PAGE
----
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Less than two months from starting the third decade of the third millennium, part of the world population is still discussing topics supposed to be settled a century ago. Gender matters seem to be, or potentially become, hot topics not only in private life but especially in work and business. Although a disappointing and painful exercise, talking about these topics has decreased the worst kinds of aggression towards women in the workplace. According to a study published by HBR in the summer of 2019, the number of women reported being sexually coerced went from 25 percent in 2016 to 16 percent in 2018.
However, not all gender injustice is of a sexual nature. There are matters that might just be unseen, considered normal, or conveniently ignored. Furthermore, these matters do not have concerns for social class, income nor the level of education. For instance, pay inequality which is pervasive worldwide. In Finland, considered a beacon of gender equality, the “women euro” is 83 cents according to statistics (Finnish Institute of Occupational Health). Many of these differences emerge under the bright lights and lasers of events like Slush.
Although women are still underrepresented in business and technology and in leadership and top management positions, the situation seems to be changing slowly.
This year, more so than previously, the environment and program of Slush included topics that empower women. Before the massive event started, Andreas Saari, the CEO of Slush, mentioned that he wouldn’t participate in a panel with men only. The gesture was openly appreciated by women, especially through social media. But this position is not a breakthrough in the business world. The first male to boycott “men meetings” was Marc Benioff, the CEO of Salesforce, who refused to participate in meetings where women were less than 30 percent of the participants.
Although women are still underrepresented in business and technology and in leadership and top management positions, the situation seems to be changing slowly. For instance, the percentage of women speakers at Slush increased from 38 percent to 39 this year.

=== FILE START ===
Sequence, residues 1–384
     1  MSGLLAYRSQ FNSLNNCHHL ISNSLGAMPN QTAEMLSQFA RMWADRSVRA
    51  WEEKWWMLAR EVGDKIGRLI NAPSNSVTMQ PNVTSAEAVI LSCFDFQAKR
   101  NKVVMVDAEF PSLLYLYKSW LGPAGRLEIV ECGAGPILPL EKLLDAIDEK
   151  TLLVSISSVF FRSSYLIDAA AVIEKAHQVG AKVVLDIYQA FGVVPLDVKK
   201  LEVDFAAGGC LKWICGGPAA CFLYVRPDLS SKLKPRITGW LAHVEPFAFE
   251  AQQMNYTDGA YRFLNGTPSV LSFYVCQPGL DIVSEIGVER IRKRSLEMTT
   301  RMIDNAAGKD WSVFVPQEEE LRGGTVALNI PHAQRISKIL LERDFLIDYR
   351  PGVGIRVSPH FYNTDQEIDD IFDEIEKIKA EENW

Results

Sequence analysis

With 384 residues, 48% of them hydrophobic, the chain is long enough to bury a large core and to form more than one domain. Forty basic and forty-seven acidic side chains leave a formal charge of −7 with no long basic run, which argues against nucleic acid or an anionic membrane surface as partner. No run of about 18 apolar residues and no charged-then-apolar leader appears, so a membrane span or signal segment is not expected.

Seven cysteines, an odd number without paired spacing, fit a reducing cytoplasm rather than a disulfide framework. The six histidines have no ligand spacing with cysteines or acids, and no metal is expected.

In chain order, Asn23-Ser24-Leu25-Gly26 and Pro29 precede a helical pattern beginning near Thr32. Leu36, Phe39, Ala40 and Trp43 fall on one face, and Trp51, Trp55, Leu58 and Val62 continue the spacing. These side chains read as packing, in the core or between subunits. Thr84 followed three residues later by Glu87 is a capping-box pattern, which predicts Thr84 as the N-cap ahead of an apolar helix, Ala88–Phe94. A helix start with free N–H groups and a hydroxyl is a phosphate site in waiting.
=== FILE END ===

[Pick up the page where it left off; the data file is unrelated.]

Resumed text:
In its latest edition, the event also included many topics related to women; there was even an open talk about tampons and sexual pleasure. One of the speakers mentioned that she is already familiar with not being taken seriously by investors and how you need to get them to understand basic matters related to women’s health. Like the fact that a tampon does not dissolve inside the body, and that’s why there is a string attached to it.
Happily, there are success stories to be mentioned: last week it was announced that three out of seven board members for 2020 in the Finnish Business Angel Network FiBAN are women.
Amel Gaily, the managing director of FiBAN, said that she’s usually asked how she came to occupy a leading position within a traditional business environment like finances.
She has an international background. (She was raised abroad in different countries.)
She has a hard-working nature.
Her family stressed the importance of education. (Her sister is a PhD.)
Practicing competitive sports.
She received support and trust from the supervisors at the beginning of her career in Nordea.
Without pretending to sound modest, Gaily also pointed out the fortune of being in the right place at the right time. She referred to a common and fair story in the life of women in top management and leadership positions: opportunity meets those best prepared for it.